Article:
By Anna Chandler/ConnectSavannan
AS THE son of Gregg Allman, Devon Allman has Southern Rock coursing in his blood. Despite the gift of a musical lineage, the 44-year-old guitarist, vocalist, and keyboardist has created his own kingdom of blues-fueled rock ‘n’ roll.
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It’s been a wild 20 years for Allman. In addition to a colorful solo career, the musician led acclaimed blues rock band Honeytribe and rounded out the stellar and soulful Royal Southern Brotherhood, a supergroup featuring the likes of Cyril Neville, Bart Walker, Yonirco Scott (Derek Trucks Band), and Charlie Wooton.
Allman’s played rock, jam, and all manner of styles, but the electrifying performer always finds his way back to his blues roots. He and his band hit the Tybee Post Theater to share tunes from Allman’s latest solo effort, Ride or Die.
Featuring Ron Holloway on saxophone, Bobby Yang on strings, Kevin McKendree, Tyler Stokes on guitars, Steve Duerst on bass, and co-producer Tom Hambridge on drums, Allman has recorded a true blues rock LP with a modern pulse and moments that can be both tender and tough, fiery and coolly smooth.
Always one to throw a surprise or two in there, Allman’s cover of The Cure’s “A Night Like This” closes out the release with bright synths and a swampy groove.
We talked with Allman about finding the right players for a record, maintaining a loose songwriting schedule, and his late transformation into a killer lead guitar player.
You’ll be in town with a new album. What was it like writing the songs on Ride or Die?
Really, I gotta say, I did most of it last-minute! There’s a lot of writers out there who get up every day and write a little bit. I need to live some life, go six months not writing anything, then write five songs in one day. This one was like a big burst right before going into the studio. I got lucky. I get really scared that I have a deadline!
What inspired you lyrically and thematically?
Always with me, lyrically I’m inspired by what I see, what I experience. It’s life, it’s love, it’s pain. We all go through our daily thing and somehow it finds its way into the way I play.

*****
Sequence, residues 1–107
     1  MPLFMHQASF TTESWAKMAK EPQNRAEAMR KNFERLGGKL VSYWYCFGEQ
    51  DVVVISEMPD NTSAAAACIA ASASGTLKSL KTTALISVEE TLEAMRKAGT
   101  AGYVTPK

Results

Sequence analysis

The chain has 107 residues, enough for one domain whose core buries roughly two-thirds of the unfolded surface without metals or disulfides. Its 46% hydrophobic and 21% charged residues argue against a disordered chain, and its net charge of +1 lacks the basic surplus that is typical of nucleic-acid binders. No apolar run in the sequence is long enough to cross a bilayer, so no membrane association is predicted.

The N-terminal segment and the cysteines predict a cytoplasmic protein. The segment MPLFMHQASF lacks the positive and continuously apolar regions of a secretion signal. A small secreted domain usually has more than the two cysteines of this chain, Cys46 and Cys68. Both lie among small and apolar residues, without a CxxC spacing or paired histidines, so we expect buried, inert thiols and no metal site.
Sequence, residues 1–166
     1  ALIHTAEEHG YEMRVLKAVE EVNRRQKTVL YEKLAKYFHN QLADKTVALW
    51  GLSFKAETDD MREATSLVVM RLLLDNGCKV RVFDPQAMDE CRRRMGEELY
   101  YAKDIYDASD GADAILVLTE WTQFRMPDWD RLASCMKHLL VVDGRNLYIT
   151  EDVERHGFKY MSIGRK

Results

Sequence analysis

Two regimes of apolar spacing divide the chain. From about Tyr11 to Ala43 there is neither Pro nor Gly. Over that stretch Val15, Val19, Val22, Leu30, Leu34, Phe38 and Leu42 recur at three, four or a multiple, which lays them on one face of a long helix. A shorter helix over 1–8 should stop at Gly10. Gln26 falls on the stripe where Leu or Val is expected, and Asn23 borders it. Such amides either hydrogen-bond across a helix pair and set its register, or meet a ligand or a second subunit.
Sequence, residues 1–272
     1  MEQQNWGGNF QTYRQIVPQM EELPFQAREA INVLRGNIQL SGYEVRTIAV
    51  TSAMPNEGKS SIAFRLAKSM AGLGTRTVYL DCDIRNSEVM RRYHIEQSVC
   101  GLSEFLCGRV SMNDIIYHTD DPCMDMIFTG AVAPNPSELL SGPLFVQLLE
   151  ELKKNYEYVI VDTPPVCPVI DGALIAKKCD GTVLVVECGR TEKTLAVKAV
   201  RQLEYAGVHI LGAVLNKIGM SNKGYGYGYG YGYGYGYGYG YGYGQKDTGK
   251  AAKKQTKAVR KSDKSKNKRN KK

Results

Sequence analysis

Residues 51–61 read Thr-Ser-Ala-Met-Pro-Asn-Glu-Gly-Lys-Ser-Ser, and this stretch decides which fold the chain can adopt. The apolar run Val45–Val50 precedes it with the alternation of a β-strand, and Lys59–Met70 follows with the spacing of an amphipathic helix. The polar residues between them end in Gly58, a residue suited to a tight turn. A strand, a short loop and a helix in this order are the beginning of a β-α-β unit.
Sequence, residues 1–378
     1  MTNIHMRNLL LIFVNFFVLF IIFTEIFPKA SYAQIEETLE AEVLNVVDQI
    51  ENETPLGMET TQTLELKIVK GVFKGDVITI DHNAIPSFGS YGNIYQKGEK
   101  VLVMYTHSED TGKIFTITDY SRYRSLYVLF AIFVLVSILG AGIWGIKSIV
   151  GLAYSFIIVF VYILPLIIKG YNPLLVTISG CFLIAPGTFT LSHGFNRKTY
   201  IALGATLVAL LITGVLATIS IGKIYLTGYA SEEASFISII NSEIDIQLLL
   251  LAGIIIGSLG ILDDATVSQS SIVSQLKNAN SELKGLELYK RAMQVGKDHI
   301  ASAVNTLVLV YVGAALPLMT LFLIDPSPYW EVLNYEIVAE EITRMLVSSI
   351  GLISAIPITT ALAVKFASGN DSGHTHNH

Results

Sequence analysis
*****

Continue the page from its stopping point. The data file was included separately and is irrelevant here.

Do you bring in new players for different albums on your studio recordings?
I change it up every record. I think the last five albums have a different band every time. It keeps it fresh. And it’s different in the studio; I choose to have a different live band. In-studio, you’re just trying to nail takes. I’ve been really lucky to work with [drummer/co-producer] Tom Hambridge.
What when you sought out new players for this album?
I wasn’t necessarily looking for a different style…just guys that I knew would really feel it for this genre. When I go make a record, we just kind of corral who we can get. Sometimes, it’s really storied musicians from Chicago or Nashville or Memphis. Some are my friends. So we just kind of put it together.
You’ve tried out various styles and genres through the years. What is it about blues rock that feels inherently natural to you?
I think everything inherently goes back to blues, whether it’s soul, rock, or jam band music. Everything finds its way home to the blues; it’s a very natural genre for me.
Do you feel your guitar style has changed over your career?
I hope so! You really just hope that every year, you get a little bit better at expressing yourself. I never set out to be a lead guitar player. I was always rhythm. I started playing lead late in life, and I’m still pretty petrified when it comes to lead guitar — there are some really amazing players out there. The one thing I think I have going for me is an identity: I have three licks, but you’re going to know it’s me.
What led you to transition from rhythm to lead?
My lead guitar player quit! [Laughs.] I said, ‘Alright, so I can replace him or I can try to get better. I was always a singer and rhythm guitar player, but at that point, I did one or two leads in the show—they were during ballads and were really slow. So when he left, I had a choice, and I decided to do it. it really became a passion.
How’d you build up your skill set?
Oh my God, I went back into completely woodshed mode, playing eight hours a day, playing to Hendrix, Santana, Robert Randolph, eight hours a day for three months. I gave myself a six-month window, and at the end of six months, if I did okay, then I’ll keep going. And if I didn’t, I have to be honest with myself and just hire a lead guitar player. Two months in, I had a really amazing night where everything worked, and I’ve been playing lead ever since.
For folks who haven’t seen you and your band live before, what can they expect?
It’s a really high-energy show. We do not let the crowd sleep! It’s a lot of fun, really, it’s a journey through my career. You’re going to hear some Honeytribe, Royal Southern Brotherhood, solo material, cool covers, instrumentals. It’s a lot of fun.